The appellant's argument that since only some of his conversations with Wayne Jones were recorded, and since Jones chose when to engage the recorder, the tape recording should not be admitted, is equally without merit. The record indicates that Jones was instructed to turn on the recorder when the appellant began to talk about the murder in question. Jones testified that he turned the recorder on soon after they began to ride around and before any conversation concerning the murder. Detective Surrett testified that after the tape had been engaged, it was never turned off. The appellant was given the opportunity to admit the other portions of the tape recorded statement.

There is no evidence that the tape recordings were altered so as to give a misleading account of the recorded conversations. United States v. Starks, 515 F.2d 112 (3d Cir.1975). There is also no claim that any tapes were lost or destroyed. United States v. McCrane, 547 F.2d 204, 205-08 (3d Cir.1976); Government of the Virgin Islands v. Testamark, 570 F.2d 1162 (3d Cir.1978). See United States v. Muzychka, 725 F.2d 1061, 1069 (3d Cir.1984), cert. denied, 467 U.S. 1206, 104 S. Ct. 2390, 81 L. Ed. 2d 348 (1984).

The appellant's argument that his statements were involuntary because they were induced by a paid police informant is also without merit.

"In the generally accepted sense of the term, as used in criminal law, a `voluntary confession' is taken to mean a confession made of the free will and accord of the defendant without coercion induced by fear or threat of harm and without inducement by promising or holding hope of reward or immunity.... Stated otherwise, a confession should be excluded if the attending circumstances, or the declarations of those present at the making of the confession are calculated to delude the prisoner as to his true position, or to exert improper or undue influence over his mind. Thus, if an individual's will is overborne or if his confession is not the product of a rational intellect and a free will, his confession is inadmissible because coerced. These standards are applicable whether a confession is the product of physical intimidation or psychological pressure; coercion in obtaining a confession from an accused can be mental as well as physical."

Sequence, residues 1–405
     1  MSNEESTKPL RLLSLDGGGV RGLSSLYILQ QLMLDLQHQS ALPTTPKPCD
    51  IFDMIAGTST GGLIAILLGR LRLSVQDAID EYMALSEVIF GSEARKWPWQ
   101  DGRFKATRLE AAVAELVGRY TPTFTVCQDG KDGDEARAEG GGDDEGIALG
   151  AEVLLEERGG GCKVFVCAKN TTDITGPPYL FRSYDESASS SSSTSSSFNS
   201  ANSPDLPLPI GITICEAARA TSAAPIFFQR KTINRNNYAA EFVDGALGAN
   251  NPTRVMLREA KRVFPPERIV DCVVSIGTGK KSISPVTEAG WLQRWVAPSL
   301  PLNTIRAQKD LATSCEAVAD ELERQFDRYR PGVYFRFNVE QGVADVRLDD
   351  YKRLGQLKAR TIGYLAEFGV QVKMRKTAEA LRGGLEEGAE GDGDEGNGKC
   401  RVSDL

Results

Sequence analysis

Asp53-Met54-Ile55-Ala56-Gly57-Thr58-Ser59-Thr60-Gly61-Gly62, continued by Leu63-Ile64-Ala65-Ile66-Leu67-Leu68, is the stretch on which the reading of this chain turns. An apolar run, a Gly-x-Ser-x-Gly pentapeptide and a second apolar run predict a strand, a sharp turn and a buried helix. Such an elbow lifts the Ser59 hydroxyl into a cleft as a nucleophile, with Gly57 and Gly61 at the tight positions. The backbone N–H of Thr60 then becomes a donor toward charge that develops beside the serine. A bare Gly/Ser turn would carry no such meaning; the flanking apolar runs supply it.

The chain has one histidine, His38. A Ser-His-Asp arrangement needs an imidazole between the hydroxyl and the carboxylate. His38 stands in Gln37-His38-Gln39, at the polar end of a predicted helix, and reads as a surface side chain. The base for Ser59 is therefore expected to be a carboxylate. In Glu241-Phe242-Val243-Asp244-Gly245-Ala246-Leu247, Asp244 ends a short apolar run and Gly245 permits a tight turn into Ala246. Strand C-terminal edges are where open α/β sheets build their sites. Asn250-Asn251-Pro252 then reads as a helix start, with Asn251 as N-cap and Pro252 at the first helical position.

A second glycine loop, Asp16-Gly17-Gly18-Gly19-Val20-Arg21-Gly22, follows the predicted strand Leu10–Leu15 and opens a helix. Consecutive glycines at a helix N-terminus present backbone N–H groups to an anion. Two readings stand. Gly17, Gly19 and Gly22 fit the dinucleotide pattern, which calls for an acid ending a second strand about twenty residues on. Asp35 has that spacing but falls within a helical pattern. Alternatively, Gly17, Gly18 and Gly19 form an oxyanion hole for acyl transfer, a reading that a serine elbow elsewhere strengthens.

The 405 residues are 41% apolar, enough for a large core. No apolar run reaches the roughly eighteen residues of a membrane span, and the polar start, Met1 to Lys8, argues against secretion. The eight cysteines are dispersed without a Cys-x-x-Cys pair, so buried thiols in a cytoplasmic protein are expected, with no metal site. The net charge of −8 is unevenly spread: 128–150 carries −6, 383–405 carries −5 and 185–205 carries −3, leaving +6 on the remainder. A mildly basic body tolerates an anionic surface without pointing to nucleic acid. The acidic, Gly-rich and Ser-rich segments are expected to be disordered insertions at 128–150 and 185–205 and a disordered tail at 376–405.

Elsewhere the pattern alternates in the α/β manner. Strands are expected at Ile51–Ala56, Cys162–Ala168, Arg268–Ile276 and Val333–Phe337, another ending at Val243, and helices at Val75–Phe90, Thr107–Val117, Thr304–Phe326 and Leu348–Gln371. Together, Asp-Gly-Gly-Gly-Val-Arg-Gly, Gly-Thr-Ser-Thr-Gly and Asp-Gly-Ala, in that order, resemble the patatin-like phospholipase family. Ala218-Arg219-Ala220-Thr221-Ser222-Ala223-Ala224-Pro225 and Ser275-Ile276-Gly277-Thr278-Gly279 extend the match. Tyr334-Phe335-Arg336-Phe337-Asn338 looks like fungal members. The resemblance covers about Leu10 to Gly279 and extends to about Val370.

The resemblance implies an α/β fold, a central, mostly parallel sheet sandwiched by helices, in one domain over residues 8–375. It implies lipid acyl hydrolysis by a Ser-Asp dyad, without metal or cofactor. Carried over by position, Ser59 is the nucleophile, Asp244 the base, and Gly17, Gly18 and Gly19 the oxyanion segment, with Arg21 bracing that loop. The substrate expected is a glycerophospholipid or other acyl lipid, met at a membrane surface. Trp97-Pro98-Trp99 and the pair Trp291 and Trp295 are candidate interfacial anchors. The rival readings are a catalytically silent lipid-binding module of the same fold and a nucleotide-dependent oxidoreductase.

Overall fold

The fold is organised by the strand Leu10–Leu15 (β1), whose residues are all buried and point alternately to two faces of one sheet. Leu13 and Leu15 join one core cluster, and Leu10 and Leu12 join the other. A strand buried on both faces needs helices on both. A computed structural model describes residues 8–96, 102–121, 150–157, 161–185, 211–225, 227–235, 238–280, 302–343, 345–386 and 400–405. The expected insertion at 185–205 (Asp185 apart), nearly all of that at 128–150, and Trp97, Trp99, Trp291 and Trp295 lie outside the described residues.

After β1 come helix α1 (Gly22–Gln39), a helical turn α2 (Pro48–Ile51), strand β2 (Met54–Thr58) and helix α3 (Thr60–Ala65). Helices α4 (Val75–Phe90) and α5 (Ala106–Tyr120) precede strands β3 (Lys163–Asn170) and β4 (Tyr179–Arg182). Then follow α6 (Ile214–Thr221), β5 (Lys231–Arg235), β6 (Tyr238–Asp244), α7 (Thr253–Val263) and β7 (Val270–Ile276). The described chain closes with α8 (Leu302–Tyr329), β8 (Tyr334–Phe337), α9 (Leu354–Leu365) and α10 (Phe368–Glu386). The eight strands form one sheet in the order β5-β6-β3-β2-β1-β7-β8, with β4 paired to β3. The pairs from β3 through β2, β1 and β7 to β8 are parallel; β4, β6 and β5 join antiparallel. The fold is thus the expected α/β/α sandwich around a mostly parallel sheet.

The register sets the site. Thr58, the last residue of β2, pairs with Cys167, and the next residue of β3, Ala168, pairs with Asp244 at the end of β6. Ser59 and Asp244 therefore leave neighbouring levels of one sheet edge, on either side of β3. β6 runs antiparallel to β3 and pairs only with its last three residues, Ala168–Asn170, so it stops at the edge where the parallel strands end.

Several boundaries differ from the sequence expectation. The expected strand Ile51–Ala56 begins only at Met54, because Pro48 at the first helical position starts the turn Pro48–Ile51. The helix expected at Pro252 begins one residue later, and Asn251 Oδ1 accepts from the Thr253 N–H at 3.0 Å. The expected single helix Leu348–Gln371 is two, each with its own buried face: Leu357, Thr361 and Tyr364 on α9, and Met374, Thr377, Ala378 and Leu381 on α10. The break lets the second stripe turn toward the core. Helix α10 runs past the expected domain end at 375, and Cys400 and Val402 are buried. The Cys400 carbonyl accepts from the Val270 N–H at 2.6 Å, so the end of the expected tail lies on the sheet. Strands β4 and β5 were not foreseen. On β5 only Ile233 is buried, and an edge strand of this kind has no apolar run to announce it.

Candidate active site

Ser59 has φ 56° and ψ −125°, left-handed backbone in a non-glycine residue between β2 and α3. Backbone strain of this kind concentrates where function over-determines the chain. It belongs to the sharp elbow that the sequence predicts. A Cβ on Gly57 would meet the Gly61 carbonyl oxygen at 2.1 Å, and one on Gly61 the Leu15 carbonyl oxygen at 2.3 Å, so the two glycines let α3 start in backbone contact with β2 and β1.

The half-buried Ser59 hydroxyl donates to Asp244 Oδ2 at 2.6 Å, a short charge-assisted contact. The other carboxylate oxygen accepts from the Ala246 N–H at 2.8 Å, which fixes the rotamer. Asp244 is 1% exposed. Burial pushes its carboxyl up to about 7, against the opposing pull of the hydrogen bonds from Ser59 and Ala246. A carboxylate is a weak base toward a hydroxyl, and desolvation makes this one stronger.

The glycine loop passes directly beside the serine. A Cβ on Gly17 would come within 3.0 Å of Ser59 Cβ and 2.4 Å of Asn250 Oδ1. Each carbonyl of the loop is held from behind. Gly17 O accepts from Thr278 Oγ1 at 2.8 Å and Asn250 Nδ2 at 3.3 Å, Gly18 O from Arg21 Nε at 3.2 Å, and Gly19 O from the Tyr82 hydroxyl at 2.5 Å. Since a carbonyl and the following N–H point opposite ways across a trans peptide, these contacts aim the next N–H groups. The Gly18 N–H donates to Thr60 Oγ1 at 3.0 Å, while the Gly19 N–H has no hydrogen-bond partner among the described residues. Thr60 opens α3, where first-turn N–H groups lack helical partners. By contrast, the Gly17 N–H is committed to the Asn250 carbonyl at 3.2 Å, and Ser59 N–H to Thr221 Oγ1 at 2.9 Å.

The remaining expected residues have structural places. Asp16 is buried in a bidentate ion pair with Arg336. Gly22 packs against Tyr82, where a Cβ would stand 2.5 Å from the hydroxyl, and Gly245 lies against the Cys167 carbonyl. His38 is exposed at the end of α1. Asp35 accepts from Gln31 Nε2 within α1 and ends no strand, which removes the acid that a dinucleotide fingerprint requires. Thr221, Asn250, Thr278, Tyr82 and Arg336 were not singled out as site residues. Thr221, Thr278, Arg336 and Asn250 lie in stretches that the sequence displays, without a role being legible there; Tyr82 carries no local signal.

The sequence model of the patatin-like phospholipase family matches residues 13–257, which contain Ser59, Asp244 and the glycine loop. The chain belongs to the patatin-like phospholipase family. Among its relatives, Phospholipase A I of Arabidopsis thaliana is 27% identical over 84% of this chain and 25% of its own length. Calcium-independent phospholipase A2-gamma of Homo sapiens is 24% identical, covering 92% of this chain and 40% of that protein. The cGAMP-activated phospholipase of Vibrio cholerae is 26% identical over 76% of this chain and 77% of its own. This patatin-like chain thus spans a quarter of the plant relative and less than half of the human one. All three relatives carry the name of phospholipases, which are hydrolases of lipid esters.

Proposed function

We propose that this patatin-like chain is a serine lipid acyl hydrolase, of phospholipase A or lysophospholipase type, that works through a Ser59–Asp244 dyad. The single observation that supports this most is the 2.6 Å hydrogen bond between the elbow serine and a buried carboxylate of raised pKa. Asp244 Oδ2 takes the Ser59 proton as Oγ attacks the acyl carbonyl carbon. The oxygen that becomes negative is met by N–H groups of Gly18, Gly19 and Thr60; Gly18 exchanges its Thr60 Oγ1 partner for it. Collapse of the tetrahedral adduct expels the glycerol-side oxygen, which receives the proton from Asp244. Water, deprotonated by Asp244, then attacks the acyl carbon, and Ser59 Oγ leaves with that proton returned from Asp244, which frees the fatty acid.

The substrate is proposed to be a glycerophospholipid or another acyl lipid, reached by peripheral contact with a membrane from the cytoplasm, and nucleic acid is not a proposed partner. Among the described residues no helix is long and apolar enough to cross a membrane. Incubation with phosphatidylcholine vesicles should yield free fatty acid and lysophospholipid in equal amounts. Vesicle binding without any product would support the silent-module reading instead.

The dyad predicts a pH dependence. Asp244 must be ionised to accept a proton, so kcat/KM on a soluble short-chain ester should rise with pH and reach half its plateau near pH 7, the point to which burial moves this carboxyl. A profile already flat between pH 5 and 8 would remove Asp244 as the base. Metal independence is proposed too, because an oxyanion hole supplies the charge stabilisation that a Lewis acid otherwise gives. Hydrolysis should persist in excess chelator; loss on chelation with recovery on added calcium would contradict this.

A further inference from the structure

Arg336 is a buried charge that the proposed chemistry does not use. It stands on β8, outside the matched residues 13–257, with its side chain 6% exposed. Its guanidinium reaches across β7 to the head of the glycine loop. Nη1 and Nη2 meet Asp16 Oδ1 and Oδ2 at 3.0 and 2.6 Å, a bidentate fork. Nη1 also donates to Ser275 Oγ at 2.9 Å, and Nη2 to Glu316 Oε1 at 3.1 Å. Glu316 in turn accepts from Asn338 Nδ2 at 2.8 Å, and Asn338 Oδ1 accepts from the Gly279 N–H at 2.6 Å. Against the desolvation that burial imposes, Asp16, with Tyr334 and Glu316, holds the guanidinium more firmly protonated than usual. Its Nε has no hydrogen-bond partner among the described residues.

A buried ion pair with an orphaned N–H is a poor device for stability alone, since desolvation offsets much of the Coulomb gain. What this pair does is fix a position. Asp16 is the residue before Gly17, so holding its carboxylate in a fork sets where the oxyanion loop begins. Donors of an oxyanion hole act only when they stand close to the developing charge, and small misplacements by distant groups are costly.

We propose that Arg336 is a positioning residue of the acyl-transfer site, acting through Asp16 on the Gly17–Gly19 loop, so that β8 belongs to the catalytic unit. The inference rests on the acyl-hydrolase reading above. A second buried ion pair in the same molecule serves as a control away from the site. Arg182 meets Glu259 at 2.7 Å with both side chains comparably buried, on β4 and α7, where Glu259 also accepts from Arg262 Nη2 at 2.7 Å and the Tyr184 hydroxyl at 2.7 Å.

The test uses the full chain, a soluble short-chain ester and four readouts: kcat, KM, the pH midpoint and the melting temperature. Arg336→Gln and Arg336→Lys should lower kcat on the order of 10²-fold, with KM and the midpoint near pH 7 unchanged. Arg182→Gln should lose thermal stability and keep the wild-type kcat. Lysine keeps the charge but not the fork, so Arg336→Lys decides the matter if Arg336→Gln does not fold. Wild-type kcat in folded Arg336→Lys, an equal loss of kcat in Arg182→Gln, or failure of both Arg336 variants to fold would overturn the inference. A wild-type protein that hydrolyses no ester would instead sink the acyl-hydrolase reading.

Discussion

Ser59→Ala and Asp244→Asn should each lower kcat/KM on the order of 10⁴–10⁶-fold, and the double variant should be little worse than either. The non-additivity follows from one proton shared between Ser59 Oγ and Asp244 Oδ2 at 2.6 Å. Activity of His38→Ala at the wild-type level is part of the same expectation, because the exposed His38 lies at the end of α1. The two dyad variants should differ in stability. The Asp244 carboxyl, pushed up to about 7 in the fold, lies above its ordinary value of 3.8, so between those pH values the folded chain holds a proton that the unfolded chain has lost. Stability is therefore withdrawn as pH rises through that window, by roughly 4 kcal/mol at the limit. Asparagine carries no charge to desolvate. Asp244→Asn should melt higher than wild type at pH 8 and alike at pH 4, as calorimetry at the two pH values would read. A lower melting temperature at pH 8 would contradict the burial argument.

29 Am.Jur.2d Evidence § 543 (19__). Wayne Jones was acting as an agent of the police department when recording the appellant's statement.[1] However, the practice *901 of police paying confidential informants is "not uncommon and is not illegitimate." United States v. Troupe, 702 F.2d 145, 147 (8th Cir.1983).

Wayne Jones testified that although he did believe he bought most of the beer, he did not use any money supplied to him by the State, nor did the State supply the beer. Jones and the appellant had known each for approximately five years and often drank together. Jones further testified that the State made no suggestion to him that he buy any alcohol or make the appellant drink. The evidence shows that the appellant willingly and voluntarily drank with Jones.

"It is not disputed that when police officers gather evidence through the assistance of an informant some deception is employed." Rassner v. State, 705 S.W.2d 798, 800 (Tex.Dist.Ct.App.1986). However, where such deception does not affect the accused's volition in ingesting an intoxicant, there is no basis for a claim of involuntary intoxication. Id.

"`It is well settled that in order for intoxication to render a confession inadmissible, it must be shown that the mind of the defendant was substantially impaired when the confession was made. Moore v. State, 415 So. 2d 1210, 1214 (Ala.Cr.App.1982), cert. denied, No. 81-728 (Ala.), cert. denied, 459 U.S. 1041 [103 S. Ct. 459, 74 L. Ed. 2d 610] (1982), and cases cited therein. "Intoxication, short of mania or such impairment of the will and mind as to make an individual unconscious of the meaning of his words, will not render a statement or confession inadmissible." Tice v. State, 386 So. 2d 1187 (Ala.1980), and cases cited therein. See also Palmer v. State, 401 So. 2d 266, 268 (Ala.Cr.App.), cert. denied, 401 So. 2d 270 (Ala.1981), cert. denied, 455 U.S. 922 [102 S. Ct. 1280, 71 L. Ed. 2d 463] (1982).'"

Free v. State, 495 So. 2d 1147, 1156 (Ala.Cr. App.1986), quoting Moore v. State, 488 So. 2d 27 (Ala.Cr.App.1986). See also McCammon v. State, 499 So. 2d 811 (Ala.Cr.App. 1986); Musgrove v. State, [Ms. 8 Div. 345, October 14, 1986] (Ala.Cr.App.1986).

"It has been generally held that proof that one who has confessed to a crime was under the influence of alcohol at the time of making a confession goes to the weight and credibility to be accorded to the confession, but does not require that the confession be excluded from evidence."

Annot., 25 A.L.R. 4th 419, "Sufficiency of Showing that Voluntariness of Confession or Admission was afforded by Alcohol or Other Drugs," § 2 [a] (1983). See also United States v. Smith, 638 F.2d 131, 134 (9th Cir.1981).

Furthermore, the testimony indicates Wayne Jones and the appellant were drinking. Although the appellant testified that he was intoxicated, the officer who stopped the car on the night in question testified that he did not believe that the appellant was intoxicated.